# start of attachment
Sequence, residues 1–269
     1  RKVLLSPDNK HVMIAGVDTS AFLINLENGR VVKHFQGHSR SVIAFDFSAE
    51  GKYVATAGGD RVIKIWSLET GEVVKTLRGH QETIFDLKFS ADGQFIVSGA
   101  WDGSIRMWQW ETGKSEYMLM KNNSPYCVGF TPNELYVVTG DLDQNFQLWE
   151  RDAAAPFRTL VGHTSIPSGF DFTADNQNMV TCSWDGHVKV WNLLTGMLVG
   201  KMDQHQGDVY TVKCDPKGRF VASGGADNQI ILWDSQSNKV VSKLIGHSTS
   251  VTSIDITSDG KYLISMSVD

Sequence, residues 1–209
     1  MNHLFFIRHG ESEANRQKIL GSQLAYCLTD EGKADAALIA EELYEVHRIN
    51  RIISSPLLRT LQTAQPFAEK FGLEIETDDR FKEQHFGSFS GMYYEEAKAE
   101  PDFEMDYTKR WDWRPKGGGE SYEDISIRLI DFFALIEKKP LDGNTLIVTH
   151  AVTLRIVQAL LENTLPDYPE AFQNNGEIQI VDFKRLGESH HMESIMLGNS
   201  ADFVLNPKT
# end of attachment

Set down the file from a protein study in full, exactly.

Sequence, residues 1–269
     1  RKVLLSPDNK HVMIAGVDTS AFLINLENGR VVKHFQGHSR SVIAFDFSAE
    51  GKYVATAGGD RVIKIWSLET GEVVKTLRGH QETIFDLKFS ADGQFIVSGA
   101  WDGSIRMWQW ETGKSEYMLM KNNSPYCVGF TPNELYVVTG DLDQNFQLWE
   151  RDAAAPFRTL VGHTSIPSGF DFTADNQNMV TCSWDGHVKV WNLLTGMLVG
   201  KMDQHQGDVY TVKCDPKGRF VASGGADNQI ILWDSQSNKV VSKLIGHSTS
   251  VTSIDITSDG KYLISMSVD

Sequence, residues 1–209
     1  MNHLFFIRHG ESEANRQKIL GSQLAYCLTD EGKADAALIA EELYEVHRIN
    51  RIISSPLLRT LQTAQPFAEK FGLEIETDDR FKEQHFGSFS GMYYEEAKAE
   101  PDFEMDYTKR WDWRPKGGGE SYEDISIRLI DFFALIEKKP LDGNTLIVTH
   151  AVTLRIVQAL LENTLPDYPE AFQNNGEIQI VDFKRLGESH HMESIMLGNS
   201  ADFVLNPKT